Is faith in the Lord Jesus the way appointed for our reconciliation with God ? to mark our affiance in his atoning blood, we ask every blessing for his name, and for his sake ; and if we call to mind all that we have heard or uttered, from the introductory sentences which are to prepare our minds for devotion, to the dismission prayer, which closes the whole, wo shall be astonished at the wisdom, with which the Liturgy is adapted, to the edification of every member. There is no case that is overlooked, no sin that is not deplored, no want that is not specified, no blessing that is not asked, yet whilst every particular is entered into, so far, that each individual may find his own circumstances alluded to, and his own wishes expressed, the whole is so carefully worded, that no person is led to express more than he ought to feel, or to deliver sentiments, in which he may not join with his whole heart.*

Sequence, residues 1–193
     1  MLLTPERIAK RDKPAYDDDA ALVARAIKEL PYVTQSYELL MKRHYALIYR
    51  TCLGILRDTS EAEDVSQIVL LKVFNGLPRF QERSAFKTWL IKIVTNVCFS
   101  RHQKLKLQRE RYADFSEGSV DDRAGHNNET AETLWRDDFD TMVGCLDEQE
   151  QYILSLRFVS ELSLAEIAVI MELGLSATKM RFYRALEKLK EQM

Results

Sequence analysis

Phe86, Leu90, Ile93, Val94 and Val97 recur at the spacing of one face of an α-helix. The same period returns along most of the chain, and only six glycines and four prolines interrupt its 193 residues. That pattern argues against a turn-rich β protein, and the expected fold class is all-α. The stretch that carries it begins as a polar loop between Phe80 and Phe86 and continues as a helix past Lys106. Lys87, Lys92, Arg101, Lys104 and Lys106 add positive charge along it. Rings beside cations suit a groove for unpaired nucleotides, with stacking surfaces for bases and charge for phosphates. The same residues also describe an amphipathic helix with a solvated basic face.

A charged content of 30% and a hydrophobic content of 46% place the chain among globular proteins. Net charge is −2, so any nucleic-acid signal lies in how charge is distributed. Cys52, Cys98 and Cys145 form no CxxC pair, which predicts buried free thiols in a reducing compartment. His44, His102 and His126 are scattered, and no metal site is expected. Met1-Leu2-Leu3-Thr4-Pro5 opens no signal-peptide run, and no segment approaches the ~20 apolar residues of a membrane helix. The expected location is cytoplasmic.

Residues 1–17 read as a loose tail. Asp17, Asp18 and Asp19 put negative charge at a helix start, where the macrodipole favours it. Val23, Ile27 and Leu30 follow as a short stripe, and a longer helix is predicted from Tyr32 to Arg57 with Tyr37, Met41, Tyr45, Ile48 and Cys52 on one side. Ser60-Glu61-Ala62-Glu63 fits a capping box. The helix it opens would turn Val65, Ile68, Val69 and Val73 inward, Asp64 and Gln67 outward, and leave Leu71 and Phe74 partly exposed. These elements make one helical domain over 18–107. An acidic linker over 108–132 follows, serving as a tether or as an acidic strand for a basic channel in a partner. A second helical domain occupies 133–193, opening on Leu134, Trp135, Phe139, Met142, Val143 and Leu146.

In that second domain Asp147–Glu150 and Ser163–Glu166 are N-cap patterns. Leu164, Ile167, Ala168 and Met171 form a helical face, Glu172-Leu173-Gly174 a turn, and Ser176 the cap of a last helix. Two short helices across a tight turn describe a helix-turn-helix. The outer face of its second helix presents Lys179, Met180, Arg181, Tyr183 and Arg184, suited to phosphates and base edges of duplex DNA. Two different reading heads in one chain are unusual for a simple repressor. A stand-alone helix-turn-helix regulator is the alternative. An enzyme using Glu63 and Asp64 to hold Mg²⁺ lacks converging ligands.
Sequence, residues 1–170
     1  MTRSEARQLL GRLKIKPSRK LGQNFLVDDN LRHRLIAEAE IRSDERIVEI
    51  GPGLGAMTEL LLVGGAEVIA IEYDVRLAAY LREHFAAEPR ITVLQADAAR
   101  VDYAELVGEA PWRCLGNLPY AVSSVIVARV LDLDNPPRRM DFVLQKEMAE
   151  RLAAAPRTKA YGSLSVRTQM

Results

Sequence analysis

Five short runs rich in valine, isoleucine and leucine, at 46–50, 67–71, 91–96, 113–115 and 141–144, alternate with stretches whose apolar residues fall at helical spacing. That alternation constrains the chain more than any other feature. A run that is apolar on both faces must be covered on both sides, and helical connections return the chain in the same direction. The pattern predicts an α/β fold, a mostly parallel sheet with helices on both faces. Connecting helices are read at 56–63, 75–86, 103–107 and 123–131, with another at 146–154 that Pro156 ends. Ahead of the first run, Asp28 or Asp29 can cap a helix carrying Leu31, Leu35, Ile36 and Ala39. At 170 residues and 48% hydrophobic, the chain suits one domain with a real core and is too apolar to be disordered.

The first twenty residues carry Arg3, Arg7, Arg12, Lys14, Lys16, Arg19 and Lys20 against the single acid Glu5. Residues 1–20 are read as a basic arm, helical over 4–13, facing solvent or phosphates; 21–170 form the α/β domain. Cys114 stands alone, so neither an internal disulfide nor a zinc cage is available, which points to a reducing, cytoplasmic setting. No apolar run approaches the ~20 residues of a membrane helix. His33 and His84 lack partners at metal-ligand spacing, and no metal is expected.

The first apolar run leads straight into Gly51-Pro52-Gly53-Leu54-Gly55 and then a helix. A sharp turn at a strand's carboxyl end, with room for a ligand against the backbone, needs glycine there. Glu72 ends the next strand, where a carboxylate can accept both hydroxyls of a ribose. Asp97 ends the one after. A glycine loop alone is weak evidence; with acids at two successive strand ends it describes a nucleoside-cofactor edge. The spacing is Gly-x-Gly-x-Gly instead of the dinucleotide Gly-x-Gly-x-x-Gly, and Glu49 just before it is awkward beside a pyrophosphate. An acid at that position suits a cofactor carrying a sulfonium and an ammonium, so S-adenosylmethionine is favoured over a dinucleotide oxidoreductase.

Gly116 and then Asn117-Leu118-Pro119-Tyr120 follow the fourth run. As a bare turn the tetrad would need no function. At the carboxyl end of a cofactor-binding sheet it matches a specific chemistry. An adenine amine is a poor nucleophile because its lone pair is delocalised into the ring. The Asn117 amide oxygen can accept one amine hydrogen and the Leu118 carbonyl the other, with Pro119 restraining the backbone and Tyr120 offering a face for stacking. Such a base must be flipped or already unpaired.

There is one circumstance in the formation of the Liturgy which I have not sufficiently adverted to. The persons who composed it were men of a truly apostolic spirit-unaffected by party prejudices, they endeavoured to speak in all things precisely as the Scriptures speak. They did not indulge in speculations and metaphysical reasonings, nor did they presume to be wise above what is written. They laboured to declare the truth in love, and they cultivated, in the highest degree, that candour, that simplicity, and that charity, that so eminently characterize all the apostolic writings-I mention these facts, because they will satisfactorily account for those expressions, which to some, who have not thoroughly considered the subject, seem objectionable, and will fully shew in what view we may, most conscienciously, repeat the language our reformers used.